Michigan State University in East Lansing research suggest Babies’ fingerprints may hold the key to a lifetime of better health

Babies’ fingerprints may hold the key to a lifetime of better health. In a first-of-its-kind effort, Spartan researcher Anil Jain and his team are using biometric technology to collect the fingerprints of infants in places that lack consistent health and identification records with the goal of tracking immunizations and treatments from birth.

Taking fingerprints from very young children – even newborns – is part of a drive in developing countries to monitor the health of infants, who often lack other forms of identification. A biometric system, such as a national fingerprint database, could allow clinicians to match a child with their vaccine schedule or help workers keep records of welfare services, says Jain. “Vaccinations are first given at about 1 month, so that’s when we would like to use biometrics for recognition purposes,” he says.

“Taking babies’ fingerprints could help monitor vaccinations and identify infants swapped at birth“

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Jain also thinks that taking infants’ fingerprints could help find missing children or resolve cases in which newborns are accidentally swapped at birth. Such cases are rare. But just this month Texas couple Richard Cushworth and Mercedes Casanellas were finally allowed to return home with their son more than a year after he was mixed up with another baby in a hospital in El Salvador. The legal process took so long partly because footprints taken at birth could not conclusively prove the babies’ identities and DNA tests were required.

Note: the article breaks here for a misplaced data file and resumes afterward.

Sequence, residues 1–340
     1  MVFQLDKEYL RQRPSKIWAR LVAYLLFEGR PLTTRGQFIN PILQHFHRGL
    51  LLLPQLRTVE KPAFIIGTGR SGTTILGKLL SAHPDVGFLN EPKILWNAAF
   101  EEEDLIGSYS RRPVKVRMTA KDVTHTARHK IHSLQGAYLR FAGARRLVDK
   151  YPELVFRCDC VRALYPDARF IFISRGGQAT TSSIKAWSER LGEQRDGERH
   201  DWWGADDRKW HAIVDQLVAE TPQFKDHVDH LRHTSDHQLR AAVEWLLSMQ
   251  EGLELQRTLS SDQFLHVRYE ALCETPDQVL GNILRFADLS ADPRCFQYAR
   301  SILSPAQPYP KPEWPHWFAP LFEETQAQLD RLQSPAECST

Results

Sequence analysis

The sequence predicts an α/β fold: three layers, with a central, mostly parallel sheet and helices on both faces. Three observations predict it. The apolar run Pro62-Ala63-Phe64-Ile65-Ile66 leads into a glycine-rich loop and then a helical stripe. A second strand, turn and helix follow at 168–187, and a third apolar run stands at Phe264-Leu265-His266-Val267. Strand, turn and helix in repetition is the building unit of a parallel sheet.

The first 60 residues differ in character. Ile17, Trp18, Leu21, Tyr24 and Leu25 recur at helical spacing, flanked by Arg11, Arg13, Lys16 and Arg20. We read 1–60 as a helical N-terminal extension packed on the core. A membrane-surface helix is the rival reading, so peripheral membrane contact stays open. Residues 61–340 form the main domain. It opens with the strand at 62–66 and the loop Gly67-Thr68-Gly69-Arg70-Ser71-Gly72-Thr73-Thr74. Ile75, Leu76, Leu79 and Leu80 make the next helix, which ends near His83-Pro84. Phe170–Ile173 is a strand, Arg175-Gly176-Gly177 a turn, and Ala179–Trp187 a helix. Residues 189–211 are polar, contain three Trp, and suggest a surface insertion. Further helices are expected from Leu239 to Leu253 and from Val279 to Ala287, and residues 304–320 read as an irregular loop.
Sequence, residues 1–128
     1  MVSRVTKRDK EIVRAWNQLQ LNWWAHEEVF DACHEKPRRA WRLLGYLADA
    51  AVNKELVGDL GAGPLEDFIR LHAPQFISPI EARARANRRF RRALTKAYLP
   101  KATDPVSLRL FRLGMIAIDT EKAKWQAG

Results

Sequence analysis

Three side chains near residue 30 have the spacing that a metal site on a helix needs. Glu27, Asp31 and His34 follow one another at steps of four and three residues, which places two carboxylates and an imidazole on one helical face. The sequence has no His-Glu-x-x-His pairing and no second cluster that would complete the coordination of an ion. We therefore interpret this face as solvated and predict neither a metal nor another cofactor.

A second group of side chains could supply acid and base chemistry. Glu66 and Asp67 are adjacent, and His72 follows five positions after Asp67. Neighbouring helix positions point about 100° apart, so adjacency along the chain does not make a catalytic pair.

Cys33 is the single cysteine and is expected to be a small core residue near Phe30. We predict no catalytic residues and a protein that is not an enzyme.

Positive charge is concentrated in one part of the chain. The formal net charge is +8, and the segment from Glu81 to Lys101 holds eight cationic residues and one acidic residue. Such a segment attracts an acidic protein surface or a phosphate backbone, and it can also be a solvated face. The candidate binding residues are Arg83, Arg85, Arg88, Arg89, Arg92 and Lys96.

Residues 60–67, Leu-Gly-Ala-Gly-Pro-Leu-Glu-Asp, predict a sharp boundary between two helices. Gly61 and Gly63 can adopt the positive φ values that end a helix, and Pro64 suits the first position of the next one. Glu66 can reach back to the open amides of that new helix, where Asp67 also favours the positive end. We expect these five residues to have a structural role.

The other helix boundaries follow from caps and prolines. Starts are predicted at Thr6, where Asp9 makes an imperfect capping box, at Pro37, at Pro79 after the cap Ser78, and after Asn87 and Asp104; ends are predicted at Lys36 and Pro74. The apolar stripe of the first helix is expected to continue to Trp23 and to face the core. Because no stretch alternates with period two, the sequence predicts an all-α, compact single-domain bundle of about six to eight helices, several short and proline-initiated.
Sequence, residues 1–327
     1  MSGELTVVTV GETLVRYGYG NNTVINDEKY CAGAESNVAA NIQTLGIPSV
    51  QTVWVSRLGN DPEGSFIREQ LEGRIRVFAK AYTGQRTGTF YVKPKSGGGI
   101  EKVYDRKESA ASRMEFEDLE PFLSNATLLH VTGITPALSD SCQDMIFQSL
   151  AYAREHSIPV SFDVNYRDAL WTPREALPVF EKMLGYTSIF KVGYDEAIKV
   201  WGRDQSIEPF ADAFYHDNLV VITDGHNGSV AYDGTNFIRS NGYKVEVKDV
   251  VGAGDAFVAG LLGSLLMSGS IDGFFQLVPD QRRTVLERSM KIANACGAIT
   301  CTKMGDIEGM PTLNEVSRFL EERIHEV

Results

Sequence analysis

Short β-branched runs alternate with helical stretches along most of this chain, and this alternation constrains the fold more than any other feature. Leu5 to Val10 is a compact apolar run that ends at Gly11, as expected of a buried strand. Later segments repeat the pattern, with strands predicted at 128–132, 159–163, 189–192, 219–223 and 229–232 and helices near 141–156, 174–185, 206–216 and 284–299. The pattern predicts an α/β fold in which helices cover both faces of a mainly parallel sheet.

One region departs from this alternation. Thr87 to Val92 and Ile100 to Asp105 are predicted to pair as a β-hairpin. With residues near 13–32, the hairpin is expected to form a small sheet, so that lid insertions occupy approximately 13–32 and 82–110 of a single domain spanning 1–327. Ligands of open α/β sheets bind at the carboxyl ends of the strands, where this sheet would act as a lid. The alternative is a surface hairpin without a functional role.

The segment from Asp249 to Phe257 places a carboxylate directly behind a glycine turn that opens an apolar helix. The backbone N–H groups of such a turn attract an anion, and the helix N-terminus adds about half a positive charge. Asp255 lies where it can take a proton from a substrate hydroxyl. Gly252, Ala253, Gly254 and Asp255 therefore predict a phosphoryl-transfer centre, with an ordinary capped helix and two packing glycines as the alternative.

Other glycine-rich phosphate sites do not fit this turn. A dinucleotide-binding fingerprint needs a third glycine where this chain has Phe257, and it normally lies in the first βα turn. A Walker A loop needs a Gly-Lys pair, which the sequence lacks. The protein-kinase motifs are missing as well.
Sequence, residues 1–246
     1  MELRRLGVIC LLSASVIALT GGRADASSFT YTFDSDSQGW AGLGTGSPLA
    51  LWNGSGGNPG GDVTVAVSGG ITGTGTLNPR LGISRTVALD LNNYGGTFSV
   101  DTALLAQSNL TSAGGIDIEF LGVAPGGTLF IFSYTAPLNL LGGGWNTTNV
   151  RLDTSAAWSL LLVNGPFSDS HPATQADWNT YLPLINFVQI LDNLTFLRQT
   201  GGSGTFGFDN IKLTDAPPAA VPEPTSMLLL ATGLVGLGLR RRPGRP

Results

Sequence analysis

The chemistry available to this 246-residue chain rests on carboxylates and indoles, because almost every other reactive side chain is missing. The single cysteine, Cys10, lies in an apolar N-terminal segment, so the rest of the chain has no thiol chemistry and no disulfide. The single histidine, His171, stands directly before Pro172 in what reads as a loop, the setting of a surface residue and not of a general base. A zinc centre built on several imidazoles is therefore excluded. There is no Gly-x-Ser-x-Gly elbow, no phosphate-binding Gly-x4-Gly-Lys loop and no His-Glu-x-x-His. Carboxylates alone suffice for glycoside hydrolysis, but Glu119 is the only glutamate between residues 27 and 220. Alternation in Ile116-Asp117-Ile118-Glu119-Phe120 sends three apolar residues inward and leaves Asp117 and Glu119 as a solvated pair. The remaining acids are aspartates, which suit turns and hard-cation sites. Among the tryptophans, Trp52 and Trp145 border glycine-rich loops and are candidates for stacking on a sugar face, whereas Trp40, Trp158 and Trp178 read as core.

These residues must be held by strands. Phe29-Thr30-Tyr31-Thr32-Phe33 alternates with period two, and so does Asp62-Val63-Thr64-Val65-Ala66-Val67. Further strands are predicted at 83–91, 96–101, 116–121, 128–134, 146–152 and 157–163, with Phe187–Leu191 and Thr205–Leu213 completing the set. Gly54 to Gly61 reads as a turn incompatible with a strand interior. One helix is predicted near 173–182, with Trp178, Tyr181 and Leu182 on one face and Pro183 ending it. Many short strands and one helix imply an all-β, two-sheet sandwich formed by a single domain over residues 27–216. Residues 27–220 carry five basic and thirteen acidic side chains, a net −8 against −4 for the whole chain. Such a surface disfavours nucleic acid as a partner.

Jain’s team worked with manufacturers of fingerprint scanners to build one that worked on infants. Tiny fingers have a denser pattern of ridges and valleys, so the device has to scan at a higher resolution. Even so, it can be tough to get a clear image from wriggling subjects with softer and more elastic skin. The team developed a machine-learning algorithm to enhance the scans.

The researchers tested the device at Saran Ashram Hospital in Agra, India. They visited the hospital four times over the course of a year and fingerprinted 319 babies. On follow-up visits, the team was able to identify infants first fingerprinted at 6 months or older with nearly 99 per cent accuracy.

This dropped significantly for younger children, however. For infants fingerprinted at a month or younger, the system was accurate less than half the time. Jain hopes to refine the method. The team presented the work at the International Conference on Information & Communication Technologies and Development in Ann Arbor, Michigan, this month.

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